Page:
Newbie needs help: converting range hood lighting from halogen to LED

Thread Starter

lightpsycho

Joined Mar 21, 2018
18
Hey there,

I have some basic electrical knowledge and since the second out of two halogen bulbs on my range hood blew out, I thought it would be the time to replace those by 3W LED COBs (which are labelled as 12V AC or DC).

The original bulbs are 12V 20W G4 halogen bulbs. Looking at the schematics there's a transformer (of course) between the line feeding 120V AC and the processor board. So 2 wire in, but 3 wire out; one wire is going to 12V Hi-beam, another one going to 9.5V lo-beam, and the third one is neutral.

So, thinking I could do a direct swap, I pulled the old halogen and plugged the LEDs in. I see a flash of light, then nothing. Or so I thought. Taking a look at the bulbs, I could see a very faint light coming out. Pressed the light button again to switch to lo-beam and it got even dimmer. Well, the bulbs are functional. So I took my multimeter, pulled a bulb out a little, and metered at the pins. I had 0.9V....I was puzzled.

Then, reading a bit, I eventually remembered how LEDs suck so little current, and how the transformer inside my hood will most likely require to be replaced by a LED driver...!

First: am I right?

Second: If I am, then I have another question.

Since there is no such thing as a 3-wire output LED driver (that I know of), in order to preserve hi and lo beam function (without jumping the 12V and 9.5V wires and having only hi-beam), could I take:

1-3x1W (output voltage DC 3-11V 300mA) driver hooked up to lo-beam 9.5V considering 2.85W = 9.5V x 0.3A

and a

4-7x1W (output voltage DC 12-25V 300mA) drive hooked up to hi-beam 12V considering the leds draw a total of 6W @ 12V

Both of their neutral wires would be hooked up to the neutral terminal on the processor board (please see attachment). Does this make sense?
 

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Thread Starter

lightpsycho

Joined Mar 21, 2018
18
Replace the transformer for a led type ballast or led driver.
Indeed, that's what I want to do.

BUT, since the transformer has 3 wires, one neutral, one for 9.5V and one for 12V, and that there is no such thing as a 3-wire double output LED driver, I would be planning to use two drivers, rated for each of the respective voltages and sharing the same neutral. To me this makes sense....what do you think?
 

wayneh

Joined Sep 9, 2010
17,155
Indeed, that's what I want to do.

BUT, since the transformer has 3 wires, one neutral, one for 9.5V and one for 12V, and that there is no such thing as a 3-wire double output LED driver, I would be planning to use two drivers, rated for each of the respective voltages and sharing the same neutral. To me this makes sense....what do you think?
The outputs of the drivers will be in parallel and it may be problem to have power applied to the driver's output while it's not turned on. Keep in mind that the brightness of the LEDs will be proportional to the current driven through them. The voltage is irrelevant. So if your driver puts out 300mA when supplied 9.5V, it'll be just as bright as the 12V driver putting out 300mA.
 

sghioto

Joined Dec 31, 2017
2,417
BUT, since the transformer has 3 wires, one neutral, one for 9.5V and one for 12V,
Are you sure those voltages are coming straight off a transformer? If they are the LEDs should have work directly because the transformer would able to deliver over 3 amps to drive the halogen bulbs.
SG
 

Audioguru

Joined Dec 20, 2007
11,249
The output of a transformer is AC. 12VAC has a peak of 17V.An LED works only with DC. Maybe the AC or its peak destroyed the LEDs.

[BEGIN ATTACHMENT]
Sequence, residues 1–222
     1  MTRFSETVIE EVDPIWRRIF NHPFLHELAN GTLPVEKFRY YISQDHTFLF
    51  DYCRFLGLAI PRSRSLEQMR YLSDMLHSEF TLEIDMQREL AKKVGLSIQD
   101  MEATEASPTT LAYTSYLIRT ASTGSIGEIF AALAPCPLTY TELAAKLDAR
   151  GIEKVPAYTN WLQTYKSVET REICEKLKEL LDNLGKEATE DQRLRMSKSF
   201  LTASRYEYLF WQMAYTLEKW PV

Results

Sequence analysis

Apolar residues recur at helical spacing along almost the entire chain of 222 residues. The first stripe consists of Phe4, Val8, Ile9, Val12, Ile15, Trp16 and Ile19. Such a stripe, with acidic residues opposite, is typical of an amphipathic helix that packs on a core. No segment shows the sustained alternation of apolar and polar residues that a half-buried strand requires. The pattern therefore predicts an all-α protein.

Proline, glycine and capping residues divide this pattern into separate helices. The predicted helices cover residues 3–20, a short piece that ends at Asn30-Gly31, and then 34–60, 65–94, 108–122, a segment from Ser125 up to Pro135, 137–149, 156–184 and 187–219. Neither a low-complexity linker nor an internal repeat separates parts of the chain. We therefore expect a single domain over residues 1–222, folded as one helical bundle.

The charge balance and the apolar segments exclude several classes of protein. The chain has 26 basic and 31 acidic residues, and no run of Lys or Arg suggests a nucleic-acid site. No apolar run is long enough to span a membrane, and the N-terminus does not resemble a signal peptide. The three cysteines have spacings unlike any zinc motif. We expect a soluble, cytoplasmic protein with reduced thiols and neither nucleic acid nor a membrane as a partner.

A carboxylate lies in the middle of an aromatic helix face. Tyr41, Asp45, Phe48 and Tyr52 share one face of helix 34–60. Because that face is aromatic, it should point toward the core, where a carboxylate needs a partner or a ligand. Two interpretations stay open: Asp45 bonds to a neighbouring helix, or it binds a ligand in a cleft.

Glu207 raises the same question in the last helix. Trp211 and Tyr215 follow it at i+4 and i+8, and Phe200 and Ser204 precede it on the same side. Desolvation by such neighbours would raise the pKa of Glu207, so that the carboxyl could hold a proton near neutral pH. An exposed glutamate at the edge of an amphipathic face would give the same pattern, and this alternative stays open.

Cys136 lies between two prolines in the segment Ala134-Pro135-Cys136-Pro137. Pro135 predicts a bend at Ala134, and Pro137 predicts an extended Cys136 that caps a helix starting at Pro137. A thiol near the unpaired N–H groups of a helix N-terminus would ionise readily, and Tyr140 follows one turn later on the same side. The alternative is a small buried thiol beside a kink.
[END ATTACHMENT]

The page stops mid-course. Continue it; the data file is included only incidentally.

Maybe the LEDs need a current-limiting resistor and without one then they are destroyed.
 

Thread Starter

lightpsycho

Joined Mar 21, 2018
18
Are you sure those voltages are coming straight off a transformer? If they are the LEDs should have work directly because the transformer would able to deliver over 3 amps to drive the halogen bulbs.
SG
Kinda.

There's a transformer, which is then hooked to the processor board (see attached diagram in initial post). On the diagram, one of the positive wires is hooked to a terminal labeled as 12V, and another one labeled as 9.5V (both then point towards the sockets after the board). In reality, it's also how it is.

I managed to squeeze so time outta my tight schedule to snap a pic of the transformer this morning. We can clealy see the output has two positives and a negative. And also that they somehow decided to use two red wires for the mains input?!?!?
 

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Dodgydave

Joined Jun 22, 2012
10,088
That's an ordinary transformer with a dual output of 9V and 12V , ( transformers don't give out positive and negative they're AC driven) , if you want to use led lights then try a 12V led on the 9V rail for lower illumination, i personally don't think it will work, ideally you want a led ballast transformer with dimming facilities.
 

LesJones

Joined Jan 8, 2017
3,571
Looking at the block diagram in post #1 and the schematic of the transformer in post #9 it looks like the processor board must use triacs to switch the supply to the lights. (If it used relays then it should work with LED lamps.) I don't think the LED lights take enough current for the triacs to latch on after being triggered. I suggest trying the LED lamps connected directly to the transformer output. First try them connected to the white and yellow wires (12 volts) and then try them connected to the white and green wires. Can you trace out the schematic of the processor board between the transformer connections and the lamp connections ?

Les.
 

Thread Starter

lightpsycho

Joined Mar 21, 2018
18
That is very possible, the other possibility is the ET needs a minimum current.

See the pictures in post #11 of the thread I posted.
Yes I know, I also posted on that thread a lil bit as I found it after posting this one!